Your words are wise and so true. I do enjoy your blog

    • Molly Greene February 24, 2014 at 5:26 pm #

      Oh, Dannie! We’ve all taken a few shots in reviews, and maybe a few shots to get over them 🙂 … and you’re so right; it’s the bad reviews that stay with us. We need to turn that around. KEEP WRITING!

  7. Catherine L Vickers February 25, 2014 at 4:22 am #

    As always Molly, you talk such sense. Yep, I can say I’ve been scraped up by my family, and only just learning to cope with this. We say we can take criticism as it is useful for improvement, but it does hurt. I recently gave a 5 star in a swapped read and review, because I loved the book. However, what I got back just ripped me apart. I nearly gave up writing. How can one reader give you 5 and another absolutely slate your writing. I’m now back up and running and putting it down to experience. This is why I liked this blog posting. Most artistes can relate to it. If they can’t, I think they’re hiding their heads in the sand or the haven’t got to this part yet.

    • Molly Greene February 25, 2014 at 7:53 am #

      Thanks, Catherine. Reviews are a really tough part of the publishing process, and I think nearly every author has gotten at least one bad one that nearly guts us. Like Rusch says, though, one person’s treasured book isn’t necessarily everyone else’s favorite. The question is how long do we hold on to the disappointment?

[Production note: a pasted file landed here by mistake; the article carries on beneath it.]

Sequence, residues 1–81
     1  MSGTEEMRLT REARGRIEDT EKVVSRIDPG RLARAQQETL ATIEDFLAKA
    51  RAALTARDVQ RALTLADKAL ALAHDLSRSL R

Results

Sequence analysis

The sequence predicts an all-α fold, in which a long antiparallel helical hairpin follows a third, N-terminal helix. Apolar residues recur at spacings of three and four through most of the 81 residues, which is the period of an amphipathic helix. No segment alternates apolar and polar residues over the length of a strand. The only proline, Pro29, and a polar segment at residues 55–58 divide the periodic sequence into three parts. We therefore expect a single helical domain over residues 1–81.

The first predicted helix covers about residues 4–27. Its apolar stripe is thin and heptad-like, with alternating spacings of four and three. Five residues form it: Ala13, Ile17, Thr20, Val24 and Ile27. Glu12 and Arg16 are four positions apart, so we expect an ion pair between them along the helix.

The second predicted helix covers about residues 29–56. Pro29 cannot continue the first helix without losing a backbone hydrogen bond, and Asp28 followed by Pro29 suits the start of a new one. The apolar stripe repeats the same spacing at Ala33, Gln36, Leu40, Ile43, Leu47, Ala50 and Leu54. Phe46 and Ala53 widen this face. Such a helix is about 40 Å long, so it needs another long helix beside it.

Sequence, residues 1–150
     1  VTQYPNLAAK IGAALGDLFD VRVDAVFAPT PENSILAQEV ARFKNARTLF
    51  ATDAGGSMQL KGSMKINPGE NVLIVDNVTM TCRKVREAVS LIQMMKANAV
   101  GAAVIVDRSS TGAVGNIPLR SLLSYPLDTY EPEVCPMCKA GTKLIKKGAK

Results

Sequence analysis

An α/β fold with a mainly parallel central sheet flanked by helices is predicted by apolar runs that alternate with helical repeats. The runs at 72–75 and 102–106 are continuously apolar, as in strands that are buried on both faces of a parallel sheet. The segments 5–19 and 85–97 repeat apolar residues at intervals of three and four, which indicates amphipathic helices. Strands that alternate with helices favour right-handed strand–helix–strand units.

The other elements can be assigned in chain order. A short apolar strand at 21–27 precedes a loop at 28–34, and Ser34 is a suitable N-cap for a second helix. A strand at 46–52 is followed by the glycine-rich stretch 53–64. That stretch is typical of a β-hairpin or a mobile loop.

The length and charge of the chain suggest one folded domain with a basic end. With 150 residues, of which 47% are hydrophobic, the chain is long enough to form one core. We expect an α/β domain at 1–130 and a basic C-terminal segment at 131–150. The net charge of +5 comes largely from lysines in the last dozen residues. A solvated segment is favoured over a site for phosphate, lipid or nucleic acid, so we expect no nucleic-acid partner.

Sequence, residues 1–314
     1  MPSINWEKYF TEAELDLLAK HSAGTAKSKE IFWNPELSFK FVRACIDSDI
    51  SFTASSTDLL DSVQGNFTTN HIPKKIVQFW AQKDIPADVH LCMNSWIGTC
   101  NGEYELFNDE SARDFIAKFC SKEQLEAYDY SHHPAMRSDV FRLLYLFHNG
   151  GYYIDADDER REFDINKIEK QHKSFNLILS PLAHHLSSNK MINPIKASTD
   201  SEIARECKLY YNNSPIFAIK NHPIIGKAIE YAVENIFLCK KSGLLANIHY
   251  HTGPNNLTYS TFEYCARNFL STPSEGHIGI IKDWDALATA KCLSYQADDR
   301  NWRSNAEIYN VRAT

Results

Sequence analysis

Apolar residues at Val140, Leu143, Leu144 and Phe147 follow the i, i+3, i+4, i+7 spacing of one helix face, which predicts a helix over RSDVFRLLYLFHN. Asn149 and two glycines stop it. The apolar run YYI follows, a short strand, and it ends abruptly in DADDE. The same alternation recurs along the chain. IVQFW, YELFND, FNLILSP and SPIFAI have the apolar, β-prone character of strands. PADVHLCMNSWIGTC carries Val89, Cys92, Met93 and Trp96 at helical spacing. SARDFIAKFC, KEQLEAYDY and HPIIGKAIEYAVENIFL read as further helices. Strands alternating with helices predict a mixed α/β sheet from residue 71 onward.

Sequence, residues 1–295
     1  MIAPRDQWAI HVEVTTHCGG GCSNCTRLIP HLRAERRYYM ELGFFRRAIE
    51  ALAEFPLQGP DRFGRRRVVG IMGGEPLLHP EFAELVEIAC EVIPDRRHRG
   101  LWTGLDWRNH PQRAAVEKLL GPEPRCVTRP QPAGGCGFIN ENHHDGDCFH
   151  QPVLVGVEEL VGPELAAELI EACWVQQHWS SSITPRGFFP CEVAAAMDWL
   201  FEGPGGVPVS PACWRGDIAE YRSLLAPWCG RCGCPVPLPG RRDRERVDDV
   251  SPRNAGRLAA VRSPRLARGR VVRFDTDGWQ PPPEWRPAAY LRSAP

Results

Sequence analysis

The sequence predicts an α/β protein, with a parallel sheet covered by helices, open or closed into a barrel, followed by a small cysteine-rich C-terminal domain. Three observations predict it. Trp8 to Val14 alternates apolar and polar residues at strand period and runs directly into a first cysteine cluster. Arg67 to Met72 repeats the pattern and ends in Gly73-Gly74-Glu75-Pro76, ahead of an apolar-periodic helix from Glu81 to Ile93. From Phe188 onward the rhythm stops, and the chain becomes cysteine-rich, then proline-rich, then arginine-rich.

8. Barry Knister February 25, 2014 at 9:10 am #

    I would add just one thing to your latest excellent post. I know you are offering good advice to people brought down by rejection, etc. But in addition to surviving disappointment, writers need to develop tough skins for a second reason: sometimes, there are valuable lessons to be learned from rejection/criticism. The writer who can get past his/her sense of being wronged is better able to listen to, and possibly learn from a painful experience.
    And, yes, this is much easier said than done. I know, from experience.

    • Molly Greene February 25, 2014 at 9:14 am #

      I agree with you 100% Barry. There is always something to be gained form any and every experience, even a bad review. The takeaway can strengthen our writing and our characters. Thanks so much for pointing that out!